After the "marriage" of Margarita Badoer, Sanuto referred to three other vital aspects of the election process: publicity, display, and hospitality. Relatives, patrons, and other important and relevant guests were invited to the expensively decorated convent to share a meal in celebration of the occasion. Margarita Badoer's victory party consisted of a meal for 500 women and men (although only a few of the latter) in the convent refectory, and the richness of the decoration of the convent church and the silver and gold on display were a cause for comment. In June 1512 Sanuto described the post-election party of the new abbess of San Giovanni di Torcello, Marieta Querini, where 300 guests were seated. He was censorious because the proceedings had been reported to the podesta (administrative head of a commune) of Torcello, and state intervention had ensured that no male (bar priests and servants) had been allowed to enter the convent, or even to enter the church, which Sanuto claimed was habitually open to eve ryone. Fifty "zentilhomeni" (nobles) were therefore fed outside the precinct, but as soon as the captain posted by the Council of Ten left in the evening, all the guests flooded into the convent to see the decorations. [64] Sanuto obviously believed the interference of the Council of Ten not only to be a break with tradition and an illicit exercise of power, but also to have caused a serious breach of hospitality. The Venetian state justified its interference on these occasions on the grounds of their potential for creating and harboring disorder. It does seem to be true that ceremonies and festivities connected with abbesses' elections provided unrivalled opportunities for groups of men to enter female convents. 'While some legitimately wanted to celebrate with their relatives, others seem to have been attracted by the lure of the forbidden, On 9 June 1430, for example, the day that the second abbess named Francesca Zorzi was consecrated at Santa Maria delle Vergini, a group of six men (one mature and five y oung men) climbed up the vine and over the convent wall into the cloister and attacked the custodians of the host in the convent church. Obviously on the lookout for trouble, this pack of males, who could possibly have been drunk, was saved from heavy sentences because one of their number was Lorenzo Foscan, the son of the doge. [65] Invading the sacred and sexually charged space of convents was a well-known pastime for young men, and choosing occasions when convents were more accessible and porous, such as feast days when some members of the public were allowed to enter, made the enterprise more interesting. Other male behavior in relation to entering convents was against the law and troubled the authorities but was more pleasant for the nuns. On 25 May 1509 sixteen young men from good families were charged with having spent the night at the convent of Santa Maria Celeste (known as La Celestia) a few months earlier on the occasion of the first feast (pasto) of the abbess elect. As well as abundant food, ther e was music ("trombe e pifari") and the night was spent in dancing. [66] The young men are described as munegini and may indeed have been the special friends or lovers of particular nuns at the convent. These two examples of men being prosecuted for their presence in convents during festivities connected with abbesses' elections highlight the tensions and ambiguities inherent in ceremonies centered on women. Publicity involving females was double-edged; these occasions required publicity to be successful, but pubity also brought unwelcome attention, both from groups of young men and from the authorities. Hospitality and display were needed to express the solemnity and importance of the event and to give it equivalence with male ceremonies, but fear of disorder and unregulated females led to the imposition of measures of social control. These ambiguities in turn fostered male interest in these events and spawned unruly or unlicensed male behavior during the ceremonies.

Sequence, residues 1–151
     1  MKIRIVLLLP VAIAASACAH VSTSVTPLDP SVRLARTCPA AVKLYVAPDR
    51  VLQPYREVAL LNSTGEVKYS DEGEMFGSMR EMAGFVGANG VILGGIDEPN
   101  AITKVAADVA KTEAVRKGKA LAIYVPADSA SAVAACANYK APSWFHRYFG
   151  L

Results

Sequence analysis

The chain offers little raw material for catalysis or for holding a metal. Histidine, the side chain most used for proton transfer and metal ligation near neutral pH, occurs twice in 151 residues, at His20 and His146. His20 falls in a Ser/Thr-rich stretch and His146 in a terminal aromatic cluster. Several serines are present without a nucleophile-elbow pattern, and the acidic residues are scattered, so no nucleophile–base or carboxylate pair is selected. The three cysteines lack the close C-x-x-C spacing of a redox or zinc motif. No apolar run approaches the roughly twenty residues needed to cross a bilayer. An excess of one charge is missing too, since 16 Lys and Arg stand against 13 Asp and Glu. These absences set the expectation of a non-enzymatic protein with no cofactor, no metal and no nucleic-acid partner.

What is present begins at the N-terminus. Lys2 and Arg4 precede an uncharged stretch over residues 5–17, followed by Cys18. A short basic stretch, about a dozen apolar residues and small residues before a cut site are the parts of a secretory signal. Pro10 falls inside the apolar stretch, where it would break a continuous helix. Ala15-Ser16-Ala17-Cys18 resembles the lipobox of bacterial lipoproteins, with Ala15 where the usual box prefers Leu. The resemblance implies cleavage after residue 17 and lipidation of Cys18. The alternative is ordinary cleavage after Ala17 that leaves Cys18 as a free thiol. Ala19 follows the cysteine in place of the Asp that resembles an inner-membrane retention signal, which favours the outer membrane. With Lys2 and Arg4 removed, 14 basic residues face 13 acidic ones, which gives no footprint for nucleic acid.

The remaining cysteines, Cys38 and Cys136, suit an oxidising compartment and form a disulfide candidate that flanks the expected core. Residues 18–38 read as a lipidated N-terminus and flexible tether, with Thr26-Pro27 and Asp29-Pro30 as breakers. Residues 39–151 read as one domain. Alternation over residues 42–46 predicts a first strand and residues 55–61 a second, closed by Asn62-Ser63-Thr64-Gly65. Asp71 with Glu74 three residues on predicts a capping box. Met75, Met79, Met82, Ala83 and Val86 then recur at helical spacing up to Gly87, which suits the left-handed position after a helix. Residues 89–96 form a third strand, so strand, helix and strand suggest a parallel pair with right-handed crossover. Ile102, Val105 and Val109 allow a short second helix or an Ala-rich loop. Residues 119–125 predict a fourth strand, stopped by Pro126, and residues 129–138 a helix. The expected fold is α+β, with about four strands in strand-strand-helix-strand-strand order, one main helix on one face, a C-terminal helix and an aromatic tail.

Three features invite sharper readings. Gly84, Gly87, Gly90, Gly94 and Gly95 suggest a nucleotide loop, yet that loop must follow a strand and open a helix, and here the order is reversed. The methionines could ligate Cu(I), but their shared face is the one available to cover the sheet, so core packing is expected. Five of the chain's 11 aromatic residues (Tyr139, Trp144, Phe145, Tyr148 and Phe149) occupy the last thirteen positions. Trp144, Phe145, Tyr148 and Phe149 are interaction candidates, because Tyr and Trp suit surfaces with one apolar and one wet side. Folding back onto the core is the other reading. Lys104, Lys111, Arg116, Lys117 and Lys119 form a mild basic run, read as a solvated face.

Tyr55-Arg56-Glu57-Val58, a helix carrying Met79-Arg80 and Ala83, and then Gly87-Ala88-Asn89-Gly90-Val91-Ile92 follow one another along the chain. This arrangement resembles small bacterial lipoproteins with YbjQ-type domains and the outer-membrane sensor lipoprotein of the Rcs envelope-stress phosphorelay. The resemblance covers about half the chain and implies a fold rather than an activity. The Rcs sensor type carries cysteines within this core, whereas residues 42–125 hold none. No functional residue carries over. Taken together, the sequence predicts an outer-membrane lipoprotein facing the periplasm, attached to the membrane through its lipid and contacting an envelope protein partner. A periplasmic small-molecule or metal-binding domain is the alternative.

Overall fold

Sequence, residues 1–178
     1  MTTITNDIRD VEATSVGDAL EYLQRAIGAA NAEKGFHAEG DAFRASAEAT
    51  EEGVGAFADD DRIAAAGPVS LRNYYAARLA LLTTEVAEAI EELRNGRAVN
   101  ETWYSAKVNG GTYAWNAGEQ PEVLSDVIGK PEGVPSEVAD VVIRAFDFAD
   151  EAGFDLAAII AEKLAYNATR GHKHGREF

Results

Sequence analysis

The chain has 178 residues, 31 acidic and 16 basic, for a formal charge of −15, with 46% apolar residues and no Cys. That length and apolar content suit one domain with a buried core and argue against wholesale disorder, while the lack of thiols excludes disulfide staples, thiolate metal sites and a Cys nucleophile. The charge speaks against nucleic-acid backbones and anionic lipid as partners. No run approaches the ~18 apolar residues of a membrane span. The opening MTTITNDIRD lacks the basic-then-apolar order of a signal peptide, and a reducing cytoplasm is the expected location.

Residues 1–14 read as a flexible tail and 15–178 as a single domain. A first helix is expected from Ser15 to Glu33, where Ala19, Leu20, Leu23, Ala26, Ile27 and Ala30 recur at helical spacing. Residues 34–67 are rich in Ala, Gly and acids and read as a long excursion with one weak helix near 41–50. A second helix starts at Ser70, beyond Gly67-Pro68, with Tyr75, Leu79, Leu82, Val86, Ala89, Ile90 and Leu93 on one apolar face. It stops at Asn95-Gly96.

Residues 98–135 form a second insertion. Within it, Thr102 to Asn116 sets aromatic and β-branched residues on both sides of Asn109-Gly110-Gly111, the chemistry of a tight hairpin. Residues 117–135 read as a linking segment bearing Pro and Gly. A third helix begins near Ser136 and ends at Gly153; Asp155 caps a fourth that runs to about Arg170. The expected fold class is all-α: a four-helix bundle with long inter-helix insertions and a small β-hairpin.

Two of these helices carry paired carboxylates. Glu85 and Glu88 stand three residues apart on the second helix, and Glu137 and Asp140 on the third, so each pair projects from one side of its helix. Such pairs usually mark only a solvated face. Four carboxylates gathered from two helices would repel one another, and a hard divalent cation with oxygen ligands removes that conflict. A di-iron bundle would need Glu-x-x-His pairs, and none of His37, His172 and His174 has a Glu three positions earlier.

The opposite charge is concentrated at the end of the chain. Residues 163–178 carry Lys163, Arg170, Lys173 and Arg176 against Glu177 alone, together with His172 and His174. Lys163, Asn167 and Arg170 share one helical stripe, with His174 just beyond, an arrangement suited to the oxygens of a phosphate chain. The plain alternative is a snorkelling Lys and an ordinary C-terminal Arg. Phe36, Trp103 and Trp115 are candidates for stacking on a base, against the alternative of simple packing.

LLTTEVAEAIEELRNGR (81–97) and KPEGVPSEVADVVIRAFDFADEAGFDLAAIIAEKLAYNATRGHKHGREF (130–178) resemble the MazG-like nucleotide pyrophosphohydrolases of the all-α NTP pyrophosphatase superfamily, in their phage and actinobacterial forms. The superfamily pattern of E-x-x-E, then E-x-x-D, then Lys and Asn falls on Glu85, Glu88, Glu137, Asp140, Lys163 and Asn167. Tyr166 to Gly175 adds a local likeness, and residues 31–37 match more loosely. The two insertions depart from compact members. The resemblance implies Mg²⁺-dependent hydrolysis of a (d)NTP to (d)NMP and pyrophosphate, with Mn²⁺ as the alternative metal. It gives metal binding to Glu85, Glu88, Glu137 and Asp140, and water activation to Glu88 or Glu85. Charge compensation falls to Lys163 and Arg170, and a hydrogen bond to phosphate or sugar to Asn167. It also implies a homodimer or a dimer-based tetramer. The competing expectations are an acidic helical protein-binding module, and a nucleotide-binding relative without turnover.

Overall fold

The nun chronicler of the Vergini was also preoccupied with the symbolic marriages following the election of a new abbess. However, the elements of the election process described in words by the chronicler and images by the illustrator followed set but non-identical patterns according to medium. The chronicler wrote about the meeting in chapter that led to the election, always naming each voter; she sometimes recorded the text of the bull from the pope confirming the election, [67] and normally included the text of the Latin oration given by another nun during the ceremony of possession -- this demonstration of learning and status was another peculiarity for which the convent was famous. She never referred to the social context of the elections nor alluded to the complex networks of exchange and reciprocity that were its social currency. Visually, on the other hand, using a standard formula for each incumbent, the illustrator focused on the moment when the doge gave the ring to the abbess.